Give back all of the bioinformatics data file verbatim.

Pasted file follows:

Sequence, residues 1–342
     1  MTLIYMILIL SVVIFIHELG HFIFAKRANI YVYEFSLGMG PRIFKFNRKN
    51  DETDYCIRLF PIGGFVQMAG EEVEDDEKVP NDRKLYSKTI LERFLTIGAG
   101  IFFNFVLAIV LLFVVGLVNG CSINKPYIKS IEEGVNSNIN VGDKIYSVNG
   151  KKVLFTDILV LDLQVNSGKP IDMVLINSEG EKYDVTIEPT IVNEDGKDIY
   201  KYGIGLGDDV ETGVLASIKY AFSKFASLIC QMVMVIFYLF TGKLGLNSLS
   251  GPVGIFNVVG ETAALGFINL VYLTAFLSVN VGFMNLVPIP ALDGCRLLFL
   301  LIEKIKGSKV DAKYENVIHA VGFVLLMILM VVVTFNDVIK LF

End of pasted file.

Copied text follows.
Sequence, residues 1–342
     1  MTLIYMILIL SVVIFIHELG HFIFAKRANI YVYEFSLGMG PRIFKFNRKN
    51  DETDYCIRLF PIGGFVQMAG EEVEDDEKVP NDRKLYSKTI LERFLTIGAG
   101  IFFNFVLAIV LLFVVGLVNG CSINKPYIKS IEEGVNSNIN VGDKIYSVNG
   151  KKVLFTDILV LDLQVNSGKP IDMVLINSEG EKYDVTIEPT IVNEDGKDIY
   201  KYGIGLGDDV ETGVLASIKY AFSKFASLIC QMVMVIFYLF TGKLGLNSLS
   251  GPVGIFNVVG ETAALGFINL VYLTAFLSVN VGFMNLVPIP ALDGCRLLFL
   301  LIEKIKGSKV DAKYENVIHA VGFVLLMILM VVVTFNDVIK LF